Hawke says he went to the opening day of the Urewera trial to impart his hope and courage to the accused.

“I’m in his [Iti’s] corner because I know how the law of the country treats people like him because I’ve been treated the same way.” Around 300 police invaded land sacred to the Tuhoe during the anti-terror raids in 2006.

Hawke says this showed little has changed from the armed eviction of Bastion Pt occupiers.

“Europeans never understood. They always termed everything Maori did as crazy, as lunatic, as loony-bins. That’s the only theory they could put into their vocabulary that would give them an excuse to get the army in.” He agreed with the academics that there was never a terrorism threat.

“They would never level a gun at another man, woman or child with the intention of putting a bullet through their brain. No way. It was their tribal way of acting out the past.”

Hawke says Iti, who once lived with him as a teenager, was now seen as a martyr and if he was eventually imprisoned it would come as no surprise to Maori.

“We’re used to the same old stuff, the old jargon of Britain’s law.”

Mana Party leader Hone Harawira also weighed in to the debate early on in the trial, branding the Crown’s pursuit of the Urewera Four “deeply racist”.

“The Crown can be a nasty piece of work when it goes after ordinary New Zealanders.”

However, Harawira represents a new type of activist. He fights his cause from the Beehive, rather than the fields of Bastion Pt or the forests of the Ureweras.

Taonui said Maori lawyers, academics and politicians are forcing change within the establishment they once battled against.

“There are no terrorist camps and there’s not going to be an armed invasion into Auckland; Maori gave up armed struggle back in the 1880s. The young, educated Maori who walk between Maori and Pakeha worlds are the revolutionaries of today.”

– Fairfax NZ News

4 thoughts on “Tame Iti’s place in the Maori revolution (Marika Hill)

  1. Rawiri Taonui says some interesting things but saying the real revolutionaries of Maori aspirations are in suits is complete crap and he ought to keep his opinion to himself.

    Sure Tame is theatrical, but it is theatre that creates culture and his is certainly derived from an authentically maori mindset and not the academically contaminated philosophies of the pounamu wearing elite.

    I do agree that the battle is over, but the changes happening in the establishment are compromises and concessions that are changing Maori culture and not always for the better. The young and educated may be storming the walls of Pakeha capitalism, but they are also becoming swallowed by it, perpetrating the same failed systems.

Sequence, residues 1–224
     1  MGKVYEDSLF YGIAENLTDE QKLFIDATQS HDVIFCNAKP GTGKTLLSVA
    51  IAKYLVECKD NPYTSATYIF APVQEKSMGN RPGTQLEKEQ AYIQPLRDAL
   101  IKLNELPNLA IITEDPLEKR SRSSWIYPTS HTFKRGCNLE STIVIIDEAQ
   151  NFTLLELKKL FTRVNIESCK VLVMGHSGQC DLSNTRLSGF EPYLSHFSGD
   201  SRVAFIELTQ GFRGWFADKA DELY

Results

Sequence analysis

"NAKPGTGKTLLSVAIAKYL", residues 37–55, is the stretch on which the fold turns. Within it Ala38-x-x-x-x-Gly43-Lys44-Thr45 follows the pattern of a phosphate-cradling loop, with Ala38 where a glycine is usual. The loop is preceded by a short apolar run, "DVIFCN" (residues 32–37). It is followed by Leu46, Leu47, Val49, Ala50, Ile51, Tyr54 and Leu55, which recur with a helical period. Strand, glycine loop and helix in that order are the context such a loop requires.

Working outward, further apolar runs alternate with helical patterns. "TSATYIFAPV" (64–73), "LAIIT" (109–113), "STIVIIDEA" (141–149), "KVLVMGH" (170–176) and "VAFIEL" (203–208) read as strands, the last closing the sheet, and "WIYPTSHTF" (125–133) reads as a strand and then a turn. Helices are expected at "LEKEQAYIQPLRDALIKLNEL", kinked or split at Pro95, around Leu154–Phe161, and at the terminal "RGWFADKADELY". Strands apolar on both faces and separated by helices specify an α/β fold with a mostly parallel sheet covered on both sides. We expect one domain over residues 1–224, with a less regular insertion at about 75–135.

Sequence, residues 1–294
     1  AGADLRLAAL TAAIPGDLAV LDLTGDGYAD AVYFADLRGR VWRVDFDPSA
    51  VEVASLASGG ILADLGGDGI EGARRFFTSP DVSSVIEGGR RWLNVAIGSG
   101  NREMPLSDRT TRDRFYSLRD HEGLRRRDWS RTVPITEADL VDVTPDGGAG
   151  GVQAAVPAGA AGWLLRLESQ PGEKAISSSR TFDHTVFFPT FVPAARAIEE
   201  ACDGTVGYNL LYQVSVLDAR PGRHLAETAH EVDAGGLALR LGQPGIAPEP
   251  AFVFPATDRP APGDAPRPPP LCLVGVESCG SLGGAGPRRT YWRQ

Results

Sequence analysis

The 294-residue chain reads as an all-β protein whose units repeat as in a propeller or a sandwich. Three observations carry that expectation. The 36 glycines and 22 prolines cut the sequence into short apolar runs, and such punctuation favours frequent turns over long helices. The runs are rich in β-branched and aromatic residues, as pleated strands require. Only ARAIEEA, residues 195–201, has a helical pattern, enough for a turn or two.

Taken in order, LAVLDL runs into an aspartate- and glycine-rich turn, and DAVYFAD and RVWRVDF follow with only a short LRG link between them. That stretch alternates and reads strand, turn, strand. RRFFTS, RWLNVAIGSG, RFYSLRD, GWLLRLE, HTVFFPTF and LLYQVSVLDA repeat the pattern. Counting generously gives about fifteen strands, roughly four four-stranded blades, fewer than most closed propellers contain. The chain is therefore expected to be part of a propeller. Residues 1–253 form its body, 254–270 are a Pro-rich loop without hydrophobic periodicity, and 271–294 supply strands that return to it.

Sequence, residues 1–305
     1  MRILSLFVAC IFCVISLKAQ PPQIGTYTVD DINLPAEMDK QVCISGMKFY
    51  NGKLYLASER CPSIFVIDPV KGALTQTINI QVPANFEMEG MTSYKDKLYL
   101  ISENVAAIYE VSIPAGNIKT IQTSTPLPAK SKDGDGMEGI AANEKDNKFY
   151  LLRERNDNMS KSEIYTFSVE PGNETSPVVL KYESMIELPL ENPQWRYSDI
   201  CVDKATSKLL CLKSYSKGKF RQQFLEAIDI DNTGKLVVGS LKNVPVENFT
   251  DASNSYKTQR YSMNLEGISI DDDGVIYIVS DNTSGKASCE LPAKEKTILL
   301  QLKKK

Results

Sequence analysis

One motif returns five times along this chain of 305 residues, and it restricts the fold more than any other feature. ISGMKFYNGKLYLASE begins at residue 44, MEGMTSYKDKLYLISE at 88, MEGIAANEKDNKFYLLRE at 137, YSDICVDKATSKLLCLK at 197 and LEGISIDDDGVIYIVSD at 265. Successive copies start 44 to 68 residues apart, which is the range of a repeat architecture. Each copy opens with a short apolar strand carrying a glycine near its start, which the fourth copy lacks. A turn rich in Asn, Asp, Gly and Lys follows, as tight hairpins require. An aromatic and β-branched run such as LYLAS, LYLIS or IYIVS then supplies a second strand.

Tame is back in his own community, helping his own whanau and living life as a Tuhoe. Those are the Maori who are the true revolutionaries, those who do not seek the money and glamour of the urban lights but instead spend their energy and time improving the lives of their own whanau, hapu and communities

    “Academic Rawiri Taonui is far more a risk to Maori than Tame Iti I say.

  2. Anaa > Ng?i T?hoe Kaahore Kau Maru Waitangi
    Tainui Iwi Te Whararoa Taupo Whakaaronui Tainui
    Iwi – Tainui Kiingitanga > Kaahore Kau Maru
    Whakamaanawa Ng?ti Manipoto.

    Ras Mikaere Enoch

  3. Theatrical it may be, and intentionally so i believe, but it generates awareness in mainstream society! and among Maori as well, how else will the truth about history be revealed? certainly not in schools and certainly not thru the media…we are a generation still recovering from Colonisation, WWI and WWII, but i feel Its time for us as Maori to move beyond the victimisation of our people, to pick our selves up out of the ashes, and i would say that, that is at the Heart of Tame’s theatre.
    Wake up Aotearoa, we live in a CIA controlled state, where democracy is an illusion for both Maori and Pakeha alike, the media is a tool of mass influence, the government are puppets to the Crown and their Merovingian global agenda. True freedom for everyone will come when we are not controlled by government and their Police/Military thugs, mostly mindless ones at that…when education is free and Science is focussed on Creation an not Destruction, and harmony with Nature is considered vital to the well being of the whole planet.